DARKE COUNTY — The results of a recent survey may provide Darke County’s healthcare providers more weapons in their fight against illness and disease — and healthier living for the county’s population.
Darke County’s “Community Health Needs Assessment (CHNA),” used to collect health data among county residents in order to pinpoint areas of need in the community, has been completed.
The survey was commissioned by Wayne HealthCare, the Darke County Health Department, and the Tri-County Board of Mental Health, in collaboration with Wright State University’s Center for Urban and Public Affairs.
Several other organizations are represented on the steering committee, including Family Health, Brethren Retirement Community, Versailles HealthCare, Darke County Job and Family Services, Darke County Chamber of Commerce, United Way, Darke County Schools, and the Darke County Board of Commissioners.
The CNHA phone survey started in August, when the center began telephoning Darke County adults. In total, the answers of 418 respondents were included in the study.
The survey results identified the top three health issues as: chronic disease (heart disease, stroke, diabetes, cancer); substance abuse and mental health (drugs, alcohol); and chronic lung disease (COPD, asthma).
Among the assessment’s findings:
- Heart disease remains the leading cause of mortality in Darke County, with cancer a close second.
- Diabetes remains an ongoing area of concern, as Darke County residents have a rate 3.7 percent higher than the state of Ohio average.
- In terms of obesity and physical inactivity, Darke County rates as the sixth worst county in Ohio.
- Darke County residents suffering from chronic lung disease are affected by a number of factors, including smoking, indoor and outdoor pollution, and occupational dusts and chemicals.
- Alcohol and drug use accounts for the 11th leading cause of death in Darke County and the sixth highest reason people were admitted to the hospital.
- Darke County ranks high as an area where people are charged with opiate possession.
Wayne HealthCare Wellness Coordinator Jordan Francis cautions that though the findings may appear discouraging, the survey itself will be of great assistance to healthcare providers.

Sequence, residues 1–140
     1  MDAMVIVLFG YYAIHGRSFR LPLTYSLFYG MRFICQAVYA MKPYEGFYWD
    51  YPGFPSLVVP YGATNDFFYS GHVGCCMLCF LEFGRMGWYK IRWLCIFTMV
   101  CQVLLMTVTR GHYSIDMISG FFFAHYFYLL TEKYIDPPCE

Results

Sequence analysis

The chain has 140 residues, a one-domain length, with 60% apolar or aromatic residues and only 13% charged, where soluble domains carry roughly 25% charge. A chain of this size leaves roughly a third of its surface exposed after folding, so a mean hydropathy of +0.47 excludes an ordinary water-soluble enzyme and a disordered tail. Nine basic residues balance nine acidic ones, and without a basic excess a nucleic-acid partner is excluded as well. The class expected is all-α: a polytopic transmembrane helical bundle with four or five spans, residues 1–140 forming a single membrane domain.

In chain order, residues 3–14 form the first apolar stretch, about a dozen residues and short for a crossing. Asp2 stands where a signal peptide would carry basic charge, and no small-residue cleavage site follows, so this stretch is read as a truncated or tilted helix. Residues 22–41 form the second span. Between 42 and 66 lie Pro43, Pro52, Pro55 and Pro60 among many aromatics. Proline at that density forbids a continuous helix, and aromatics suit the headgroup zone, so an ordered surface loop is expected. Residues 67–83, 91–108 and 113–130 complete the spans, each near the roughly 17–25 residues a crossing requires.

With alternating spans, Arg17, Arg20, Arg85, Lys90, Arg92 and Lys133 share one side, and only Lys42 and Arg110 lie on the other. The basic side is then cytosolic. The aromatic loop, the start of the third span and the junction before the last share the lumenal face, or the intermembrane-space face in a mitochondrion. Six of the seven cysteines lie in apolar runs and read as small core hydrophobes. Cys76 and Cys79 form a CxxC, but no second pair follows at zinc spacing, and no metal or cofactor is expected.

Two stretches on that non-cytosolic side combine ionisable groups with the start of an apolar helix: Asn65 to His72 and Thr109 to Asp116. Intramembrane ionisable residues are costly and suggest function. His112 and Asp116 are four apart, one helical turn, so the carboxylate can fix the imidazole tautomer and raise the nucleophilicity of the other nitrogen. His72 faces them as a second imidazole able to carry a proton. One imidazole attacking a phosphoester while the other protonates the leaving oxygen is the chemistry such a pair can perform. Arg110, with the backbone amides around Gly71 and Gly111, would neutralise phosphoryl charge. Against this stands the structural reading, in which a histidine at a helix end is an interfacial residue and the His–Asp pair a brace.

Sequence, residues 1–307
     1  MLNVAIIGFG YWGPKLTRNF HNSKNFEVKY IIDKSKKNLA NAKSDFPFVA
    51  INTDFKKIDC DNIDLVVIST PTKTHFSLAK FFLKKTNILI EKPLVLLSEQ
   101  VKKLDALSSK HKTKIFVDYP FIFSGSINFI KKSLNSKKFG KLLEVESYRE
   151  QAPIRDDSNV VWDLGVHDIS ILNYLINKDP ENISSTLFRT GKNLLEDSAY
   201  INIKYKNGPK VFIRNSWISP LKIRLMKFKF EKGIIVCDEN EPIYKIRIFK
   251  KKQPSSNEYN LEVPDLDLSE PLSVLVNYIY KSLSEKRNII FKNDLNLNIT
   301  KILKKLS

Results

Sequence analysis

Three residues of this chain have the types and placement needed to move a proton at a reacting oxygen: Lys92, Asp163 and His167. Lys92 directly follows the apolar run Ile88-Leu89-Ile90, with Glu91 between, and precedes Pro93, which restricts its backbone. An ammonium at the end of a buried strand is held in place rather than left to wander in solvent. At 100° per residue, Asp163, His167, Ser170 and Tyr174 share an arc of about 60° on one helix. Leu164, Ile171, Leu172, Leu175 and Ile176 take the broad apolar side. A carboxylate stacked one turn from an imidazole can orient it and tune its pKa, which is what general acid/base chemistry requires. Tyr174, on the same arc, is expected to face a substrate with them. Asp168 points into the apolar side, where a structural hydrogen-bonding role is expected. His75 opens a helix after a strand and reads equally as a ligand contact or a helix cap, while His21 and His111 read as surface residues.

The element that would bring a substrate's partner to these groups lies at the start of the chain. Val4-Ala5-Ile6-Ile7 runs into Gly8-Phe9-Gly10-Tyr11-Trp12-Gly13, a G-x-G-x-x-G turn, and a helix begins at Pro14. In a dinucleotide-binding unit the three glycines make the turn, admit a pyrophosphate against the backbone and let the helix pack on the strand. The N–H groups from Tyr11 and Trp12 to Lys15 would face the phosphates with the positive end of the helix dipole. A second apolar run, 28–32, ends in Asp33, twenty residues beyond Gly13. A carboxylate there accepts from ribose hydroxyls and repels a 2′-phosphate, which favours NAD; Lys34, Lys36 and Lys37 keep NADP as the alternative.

“It really helps highlight the more important healthcare needs,” he said.
Not only were the responses of survey takers factored into the assessment, the study included input from a number of focus groups, such as Darke County Jobs and Family Services and Grace Resurrection Community Center.
To complement information gathered during the phone survey of adults, Darke County high school and middle school students will be surveyed in early October. These findings will help identify health needs specific to Darke County youth.
Francis said that while the focus groups were aimed primarily at underserved community members, who, as he states, “have a more difficult time traversing the healthcare system,” he expects the CHNA to have an impact on all Darke County residents.
More focus groups are slated to take place for added input, including those involving teachers and school administrators.
Francis said that while the study was aimed primarily at disadvantaged community members, who, as he states, “have a more difficult time traversing the healthcare system,” he expects the CHNA to have an impact on all Darke County residents.
“This has been done out of an intention of enhancing the health of the entire population of Darke County,” he said.
For Francis, the first tangible result of the assessment will be the creation of health-focused task forces with the cooperation of various county agencies.
The coordination and cooperation of these agencies will be facilitated by the Coalition for a Healthy Darke County in accordance with their mission to bring together community resources to make healthy living possible for all residents in Darke County.
“It is the hospital’s job and that of the Darke County Health Department to create a community health plan, and based upon the results, develop task forces to deal with these issues,” he said. “Because of this, I think the results of the assessment will be incredibly beneficial to the public, and make us better able to help meet people’s healthcare needs.”
More information will be available as the implementation plan gets under way.
Erik Martin may be reached by email at firstname.lastname@example.org or by phone at 937-569-4314.
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